Jon Lehman is a Product Designer at Theorem. If you’re interested in joining Theorem, check out our team and our current open positions.

This article was originally posted on journal.theorem.co

Summary / TL;DR

At Theorem, we have found that we run into the same small, derailing conversations from project-to-project. These conversations can be difficult to navigate if they involve subjectivity. One example would be buttons. Specifically, button alignment and sort order. So, here’s some quick objectivity for ya:

  • Modal/dialog terminating action buttons: align them to the right or consider center…


This article was originally published on September 29, 2020

I’ve been working on several side projects over the past couple of weeks but took a quick break to try to solve a pain-point that I have heard several teacher friends and family members mention.

The Problem

COVID-19 has continued to bring uncertainty to all of our lives but teachers particularly have had to deal with quite a bit of change. Schools have been reopening this school year with all new protocols and policies for handling education during a pandemic. Many teachers find themselves teaching in-person one day and remote the next. One…


This article was originally published on July 17, 2020

I finally had a chance to mess around with the newest version of the Figma API. I put together this little demo for internal-Theorem knowledge-sharing. Basically, I designed a quick landing page in Figma, coded out that design to a live page but synced up the styles, images, text, etc to the Figma document. This way, as a user makes changes to the landing page they will see their changes reflect on the live web page. Enjoy!


This article was originally published on June 18, 2020

Over the last couple of weeks, I engaged in a fun exercise to help my creativity. I have found that when working on long-term projects it is easy for your creativity to become stagnant and to feel like you’re stuck behind a block.

To help stretch my creativity I started a “Zero Requirement Exercise”. I generalized the goals of an existing side project and just started coming up with UI with no thought regarding requirements, specs, restrictions, etc. This helped me look past the blocks I was up against and loosen…


This article was originally published on May 29, 2020

I put together this dashboard UI exploration just for fun and to test out documenting the process in a timelapse. The time-lapses also provided me with content to try out TikTok for my first time. Apart from some of TikTok’s less-desired attributes, I found the platform very fun, intuitive, and engaging.

Here are the timelapse videos that I uploaded to TikTok:

Here are a couple of detailed screenshots as well:


This article was originally published on May 21, 2020

I had a small idea for a simple floating label style that would essentially “clip” the border of the input as the label “floats”. Another key part of the idea was to add a more impactful third state for while the input was focused, I felt that too many of the floating label input patterns out there didn’t emphasize the focused input label enough. I first put it together in Figma and then also coded it out in CSS.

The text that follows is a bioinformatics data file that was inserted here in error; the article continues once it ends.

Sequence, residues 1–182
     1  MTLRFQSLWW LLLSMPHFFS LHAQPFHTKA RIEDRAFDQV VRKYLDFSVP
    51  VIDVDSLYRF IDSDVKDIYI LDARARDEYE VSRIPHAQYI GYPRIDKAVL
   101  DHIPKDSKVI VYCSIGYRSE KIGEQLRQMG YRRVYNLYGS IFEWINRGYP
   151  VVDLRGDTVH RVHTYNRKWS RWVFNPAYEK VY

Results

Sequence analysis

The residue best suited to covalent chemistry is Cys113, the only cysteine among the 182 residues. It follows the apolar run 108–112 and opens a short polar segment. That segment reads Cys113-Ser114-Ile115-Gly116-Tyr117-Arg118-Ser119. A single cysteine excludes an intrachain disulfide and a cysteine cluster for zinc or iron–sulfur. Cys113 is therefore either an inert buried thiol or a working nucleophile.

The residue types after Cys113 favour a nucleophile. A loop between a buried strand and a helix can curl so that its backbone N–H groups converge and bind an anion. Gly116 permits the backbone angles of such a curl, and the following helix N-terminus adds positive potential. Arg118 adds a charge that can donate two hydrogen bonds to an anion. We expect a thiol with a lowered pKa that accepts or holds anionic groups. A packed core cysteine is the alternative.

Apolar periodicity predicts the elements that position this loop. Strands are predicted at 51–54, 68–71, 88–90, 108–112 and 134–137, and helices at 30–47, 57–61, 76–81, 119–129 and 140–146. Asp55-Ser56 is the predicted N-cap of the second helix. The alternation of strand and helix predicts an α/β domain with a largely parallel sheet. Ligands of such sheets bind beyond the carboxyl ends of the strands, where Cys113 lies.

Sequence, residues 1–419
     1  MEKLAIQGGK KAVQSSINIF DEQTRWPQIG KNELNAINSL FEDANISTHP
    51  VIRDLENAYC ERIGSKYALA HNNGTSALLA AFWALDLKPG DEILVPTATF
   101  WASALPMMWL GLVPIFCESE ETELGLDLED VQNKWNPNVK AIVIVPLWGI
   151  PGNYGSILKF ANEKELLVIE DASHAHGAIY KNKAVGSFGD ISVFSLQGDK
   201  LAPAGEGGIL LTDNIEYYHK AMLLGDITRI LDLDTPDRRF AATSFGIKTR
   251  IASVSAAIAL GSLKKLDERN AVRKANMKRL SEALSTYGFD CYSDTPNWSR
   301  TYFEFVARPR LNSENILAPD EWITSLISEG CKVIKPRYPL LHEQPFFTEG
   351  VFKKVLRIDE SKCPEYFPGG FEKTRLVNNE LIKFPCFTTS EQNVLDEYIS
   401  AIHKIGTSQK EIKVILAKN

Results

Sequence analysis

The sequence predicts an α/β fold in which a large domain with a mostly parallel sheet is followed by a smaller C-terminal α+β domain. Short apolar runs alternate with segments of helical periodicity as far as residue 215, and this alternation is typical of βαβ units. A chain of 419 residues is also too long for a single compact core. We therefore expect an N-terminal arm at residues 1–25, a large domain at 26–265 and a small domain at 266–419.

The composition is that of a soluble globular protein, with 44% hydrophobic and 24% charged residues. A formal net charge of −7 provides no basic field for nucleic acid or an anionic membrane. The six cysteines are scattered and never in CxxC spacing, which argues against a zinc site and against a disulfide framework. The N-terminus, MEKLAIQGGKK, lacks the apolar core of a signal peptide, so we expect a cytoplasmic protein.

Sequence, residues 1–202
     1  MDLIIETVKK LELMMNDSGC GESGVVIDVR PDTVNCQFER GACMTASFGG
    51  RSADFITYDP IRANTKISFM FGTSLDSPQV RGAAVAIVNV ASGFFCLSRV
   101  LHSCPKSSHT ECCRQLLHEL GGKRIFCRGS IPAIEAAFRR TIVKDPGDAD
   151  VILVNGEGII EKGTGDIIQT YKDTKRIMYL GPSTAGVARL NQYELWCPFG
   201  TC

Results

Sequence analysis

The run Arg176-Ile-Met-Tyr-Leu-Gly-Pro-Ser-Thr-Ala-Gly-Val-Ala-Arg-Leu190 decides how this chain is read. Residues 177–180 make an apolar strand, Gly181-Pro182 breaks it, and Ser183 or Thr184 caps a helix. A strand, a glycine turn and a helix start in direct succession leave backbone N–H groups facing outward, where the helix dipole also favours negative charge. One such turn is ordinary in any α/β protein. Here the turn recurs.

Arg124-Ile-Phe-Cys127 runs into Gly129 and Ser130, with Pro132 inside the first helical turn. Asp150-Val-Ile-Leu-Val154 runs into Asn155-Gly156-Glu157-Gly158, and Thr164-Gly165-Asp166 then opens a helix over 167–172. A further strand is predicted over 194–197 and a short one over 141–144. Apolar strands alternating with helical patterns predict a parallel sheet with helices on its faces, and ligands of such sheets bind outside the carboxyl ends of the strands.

Enjoy the live version below, fork it on codepen, or check it out on dribble.


This article was originally published on January 01, 2020

Summary / TL;DR

I use a kanban board to document project ideas while staying focused on current projects. Notion template here.

If you’re more of a video watcher, the video below covers most of what is written :)

Intro

Stepping into parenthood triggers many life changes. I’ve learned that one of those changes was the sudden and apparent importance of time management. I found myself jumping from project idea to project idea without the time or focus to complete any of them. This resulted in frustration which added unnecessary stress to my daily life…


This article was originally published on October 04, 2019

This was just a quick experiment to take a code snippet I had previously put together and expand upon it to make the UI a bit slicker and fun. I had used jquery for the previous code snippet so I went ahead and continued using it for this experiment. Though, I think I’d like to refactor this and have it just be vanilla js.

Feel free to play with the live version below, fork it on codepen, or check it out on dribbble.

Here’s an animated preview if you’d rather just watch:


image from picjumbo.com

Disclaimer–every agency, project, client, and designer are made differently and should not be treated all the same. The following is just one solution that I found unique. Written from a UI/UX designer’s perspective.

So you’ve just landed your agency a sweet gig, you’ve had your discovery meeting and you just sat back down at the office. There are several reasons why I believe (in certain situations) it is best to rush your initial design / wireframes and get it in front of your client as soon as possible.

1. Your Client’s Nerves

It is easy to forget that not everybody lives in this crazy…


Preface–I am not a developer. A designer, born and raised with some front-end experience, with limited JS knowledge, I like to find pure CSS solutions for fun.

Floating labels really took precedence with the launch of Google’s Material Design. They have been widely accepted because of solving the age-old UX argument between multiple form input field solutions.

What is a Floating Label?

A floating label is basically an inline label inside of an input field that floats above of the input box upon interaction. This enables the user to still see what the input field was originally requesting even after they have typed their answer.

Jon Lehman

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